Racist and Anti-semitic Groups Losing Ground but Become More Violent-prone
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Racist and Anti-semitic Groups Losing Ground but Become More Violent-prone

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Racist and anti-Semitic organizations have lost ground in the past few years but the movements in many cases have become highly sophisticated and in some cases increasingly violent, according to an American Jewish Committee report.

The AJCommittee released this report at its annual National Executive Council meeting in Seattle last week. The report, based on the Committee’s extensive research, found that support for anti-Semitic organizations and racist groups has waned although their numbers are still rising slowly. The report also cited increased incidents of synagogue desecrations and similar anti-religious violence.

Leonard Zeskind, an expert on the activities of racist and anti-Semitic groups, provided examples of some of the more recently developed hate groups.

Zeskind, who is research director of the Center for Democratic Renewal which monitors extremist activity in this country, alerted the AJC to growing support for the Christian Identity movement, a violent, anti-Semitic group which he called “perhaps the most sinister” of the newly emerged extremist groups. The group attempts to spread its message of hate through a thinly veiled appeal to Christian values, Zeskind said. The report also characterized extremist groups as those which perpetrate “demonized” images of Jews and non-whites and those which advocate the overthrow of the federal government.


Zeskind said the extremist groups had “grown exponentially” from 1978 to 1982 and since then the growth rate has diminished but remained steady. Nevertheless, since 1982, the groups have developed a political savvy which has worked to increase their influence, according to Zeskind.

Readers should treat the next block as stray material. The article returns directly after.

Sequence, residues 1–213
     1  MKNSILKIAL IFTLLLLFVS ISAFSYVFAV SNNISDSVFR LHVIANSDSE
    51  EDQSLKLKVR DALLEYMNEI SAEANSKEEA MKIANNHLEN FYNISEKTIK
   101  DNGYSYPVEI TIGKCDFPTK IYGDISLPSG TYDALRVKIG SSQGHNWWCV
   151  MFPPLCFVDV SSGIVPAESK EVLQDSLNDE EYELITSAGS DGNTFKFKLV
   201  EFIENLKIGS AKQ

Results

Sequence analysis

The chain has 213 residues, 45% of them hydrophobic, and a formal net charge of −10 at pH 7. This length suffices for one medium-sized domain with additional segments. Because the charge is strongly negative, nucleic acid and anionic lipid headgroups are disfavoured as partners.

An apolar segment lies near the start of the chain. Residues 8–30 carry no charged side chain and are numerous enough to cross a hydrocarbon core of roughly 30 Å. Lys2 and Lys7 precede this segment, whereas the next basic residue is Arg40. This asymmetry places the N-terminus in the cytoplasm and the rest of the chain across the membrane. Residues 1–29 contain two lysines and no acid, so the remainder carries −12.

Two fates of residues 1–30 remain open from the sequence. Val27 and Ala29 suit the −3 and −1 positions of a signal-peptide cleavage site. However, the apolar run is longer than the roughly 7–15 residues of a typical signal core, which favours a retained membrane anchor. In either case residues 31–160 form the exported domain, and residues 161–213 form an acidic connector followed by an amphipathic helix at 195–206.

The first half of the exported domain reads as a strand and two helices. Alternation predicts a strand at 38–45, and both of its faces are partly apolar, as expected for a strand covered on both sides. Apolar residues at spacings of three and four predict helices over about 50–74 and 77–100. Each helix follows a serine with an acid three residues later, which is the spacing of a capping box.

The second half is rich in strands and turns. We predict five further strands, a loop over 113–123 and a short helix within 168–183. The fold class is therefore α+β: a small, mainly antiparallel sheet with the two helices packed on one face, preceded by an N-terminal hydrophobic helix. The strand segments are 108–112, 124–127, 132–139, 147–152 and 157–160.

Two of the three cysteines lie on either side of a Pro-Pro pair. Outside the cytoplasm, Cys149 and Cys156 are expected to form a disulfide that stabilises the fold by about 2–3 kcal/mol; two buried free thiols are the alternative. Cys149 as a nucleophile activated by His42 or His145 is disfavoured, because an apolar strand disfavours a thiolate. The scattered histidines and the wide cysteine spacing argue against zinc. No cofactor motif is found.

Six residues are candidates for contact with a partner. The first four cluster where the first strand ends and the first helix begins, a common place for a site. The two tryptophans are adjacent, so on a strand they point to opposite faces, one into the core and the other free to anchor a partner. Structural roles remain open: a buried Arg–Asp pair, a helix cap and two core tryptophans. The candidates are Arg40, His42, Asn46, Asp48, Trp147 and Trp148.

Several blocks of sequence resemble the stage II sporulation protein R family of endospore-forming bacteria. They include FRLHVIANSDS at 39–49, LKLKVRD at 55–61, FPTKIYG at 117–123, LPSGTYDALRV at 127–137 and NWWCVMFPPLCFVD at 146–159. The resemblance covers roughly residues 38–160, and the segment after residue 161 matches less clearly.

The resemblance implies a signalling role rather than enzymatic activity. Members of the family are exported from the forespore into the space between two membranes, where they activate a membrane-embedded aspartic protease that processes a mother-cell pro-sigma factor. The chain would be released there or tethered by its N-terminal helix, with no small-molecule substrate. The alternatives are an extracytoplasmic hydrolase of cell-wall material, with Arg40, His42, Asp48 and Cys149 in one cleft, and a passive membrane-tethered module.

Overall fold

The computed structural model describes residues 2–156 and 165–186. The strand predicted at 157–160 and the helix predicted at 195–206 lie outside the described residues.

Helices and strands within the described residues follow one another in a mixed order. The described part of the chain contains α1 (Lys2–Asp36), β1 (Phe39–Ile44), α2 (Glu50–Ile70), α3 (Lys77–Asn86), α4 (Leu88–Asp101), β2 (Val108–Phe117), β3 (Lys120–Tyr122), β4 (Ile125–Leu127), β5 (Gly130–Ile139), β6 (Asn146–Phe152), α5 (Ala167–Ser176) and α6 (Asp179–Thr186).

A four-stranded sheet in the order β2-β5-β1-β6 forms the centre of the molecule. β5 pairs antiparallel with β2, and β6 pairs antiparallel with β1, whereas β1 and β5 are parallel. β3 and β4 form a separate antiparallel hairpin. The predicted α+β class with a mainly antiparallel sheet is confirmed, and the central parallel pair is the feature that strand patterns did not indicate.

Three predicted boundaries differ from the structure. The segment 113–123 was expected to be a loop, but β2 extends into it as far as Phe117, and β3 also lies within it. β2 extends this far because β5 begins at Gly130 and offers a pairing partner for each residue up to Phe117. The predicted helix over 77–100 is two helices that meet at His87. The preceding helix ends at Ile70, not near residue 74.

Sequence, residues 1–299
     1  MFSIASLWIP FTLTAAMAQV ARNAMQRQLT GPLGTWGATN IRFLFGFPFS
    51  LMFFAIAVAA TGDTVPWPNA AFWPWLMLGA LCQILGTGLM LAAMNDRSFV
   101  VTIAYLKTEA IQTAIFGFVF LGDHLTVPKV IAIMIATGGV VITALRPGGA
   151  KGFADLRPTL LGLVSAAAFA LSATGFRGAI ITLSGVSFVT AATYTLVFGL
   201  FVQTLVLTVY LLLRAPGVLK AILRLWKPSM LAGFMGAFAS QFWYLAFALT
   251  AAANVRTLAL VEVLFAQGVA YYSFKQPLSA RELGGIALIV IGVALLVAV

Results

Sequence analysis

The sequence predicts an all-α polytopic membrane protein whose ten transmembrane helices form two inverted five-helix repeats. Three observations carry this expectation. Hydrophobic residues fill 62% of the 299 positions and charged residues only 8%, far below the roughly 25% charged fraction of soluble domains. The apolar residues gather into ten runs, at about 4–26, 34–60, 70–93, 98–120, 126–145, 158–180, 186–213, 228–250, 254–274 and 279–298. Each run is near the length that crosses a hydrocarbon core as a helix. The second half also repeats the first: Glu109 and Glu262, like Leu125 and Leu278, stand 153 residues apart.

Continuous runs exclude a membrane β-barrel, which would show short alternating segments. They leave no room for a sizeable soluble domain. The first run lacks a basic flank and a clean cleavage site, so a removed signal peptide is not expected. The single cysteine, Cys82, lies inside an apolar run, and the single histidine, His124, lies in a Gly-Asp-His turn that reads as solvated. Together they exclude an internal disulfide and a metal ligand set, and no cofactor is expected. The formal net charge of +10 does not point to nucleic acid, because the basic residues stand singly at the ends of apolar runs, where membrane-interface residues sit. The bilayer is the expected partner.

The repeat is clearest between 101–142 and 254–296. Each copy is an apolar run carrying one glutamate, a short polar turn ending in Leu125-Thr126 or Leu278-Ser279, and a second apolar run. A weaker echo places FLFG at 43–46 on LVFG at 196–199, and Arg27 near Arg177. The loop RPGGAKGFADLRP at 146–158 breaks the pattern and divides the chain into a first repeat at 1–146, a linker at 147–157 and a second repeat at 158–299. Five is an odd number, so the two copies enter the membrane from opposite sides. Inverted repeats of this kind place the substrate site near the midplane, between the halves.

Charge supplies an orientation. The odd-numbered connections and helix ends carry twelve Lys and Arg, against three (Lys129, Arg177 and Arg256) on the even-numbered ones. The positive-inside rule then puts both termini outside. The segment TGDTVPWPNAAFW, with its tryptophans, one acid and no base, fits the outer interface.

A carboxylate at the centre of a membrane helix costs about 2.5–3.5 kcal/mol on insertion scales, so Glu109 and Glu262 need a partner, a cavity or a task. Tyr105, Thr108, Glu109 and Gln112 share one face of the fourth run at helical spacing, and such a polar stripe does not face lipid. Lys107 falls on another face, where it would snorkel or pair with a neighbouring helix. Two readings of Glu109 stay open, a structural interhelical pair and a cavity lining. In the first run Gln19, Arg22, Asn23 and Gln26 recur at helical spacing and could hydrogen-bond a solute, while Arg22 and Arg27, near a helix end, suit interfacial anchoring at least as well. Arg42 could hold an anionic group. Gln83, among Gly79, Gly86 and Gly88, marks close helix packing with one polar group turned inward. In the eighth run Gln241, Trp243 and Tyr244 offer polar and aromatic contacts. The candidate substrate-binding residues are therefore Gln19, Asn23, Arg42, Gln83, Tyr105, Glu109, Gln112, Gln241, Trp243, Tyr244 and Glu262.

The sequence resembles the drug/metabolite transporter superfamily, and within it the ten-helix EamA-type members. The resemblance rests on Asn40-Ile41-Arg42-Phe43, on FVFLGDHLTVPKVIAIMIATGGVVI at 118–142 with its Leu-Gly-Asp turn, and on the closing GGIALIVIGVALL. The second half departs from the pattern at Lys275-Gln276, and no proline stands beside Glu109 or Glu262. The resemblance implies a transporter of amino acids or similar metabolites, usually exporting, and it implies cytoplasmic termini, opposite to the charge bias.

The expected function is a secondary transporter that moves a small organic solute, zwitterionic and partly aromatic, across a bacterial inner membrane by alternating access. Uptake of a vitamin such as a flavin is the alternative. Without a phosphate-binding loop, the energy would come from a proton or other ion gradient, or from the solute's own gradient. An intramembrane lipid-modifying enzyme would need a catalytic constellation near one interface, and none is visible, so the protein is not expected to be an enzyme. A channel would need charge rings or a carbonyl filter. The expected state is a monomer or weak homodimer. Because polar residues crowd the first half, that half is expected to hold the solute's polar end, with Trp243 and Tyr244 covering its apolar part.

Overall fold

The groups have learned to take advantage of modern technology, using videotapes, cable TV, and computer bulletin boards, Zeskind said. They have also been successful in attracting a broad social spectrum of adherents, he said.

Several speakers at the convention observed that rightwing, extremist and racist movements are particularly targeting the economically depressed of the country, such as Midwestern farmers. The people in these areas, facing monumental economic and personal crises daily, look to the extremists to provide scapegoats for their problems, speakers noted.

Established groups like the Ku Klux Klan and the American Nazi Party cooperate with the newer groups. Aryan Nations and Posse Comitatus, to promote their doctrines in the depressed areas, according to the report.

The extremist organizations have also carved out a place for themselves in the political process by disguising their ideologies. Such are the tactics used by Lyndon LaRouche and his followers who have won, among others, the democratic nominations for Lieutenant Governor and Secretary of State of Illinois.

The report urged legislative and educational activity to curb the rise of extremist movements. It noted that all but six states now outlaw racial and religious violence and some 17 states have laws prohibiting activities associated with groups like the Klan such as wearing masks or burning crosses. But no federal statute prohibits paramilitary training, a measure advocated by several Jewish organizations to limit the violence stemming from extremist groups.

The report also recommended educational programming to inform youth about democratic values, pluralism and tolerance.

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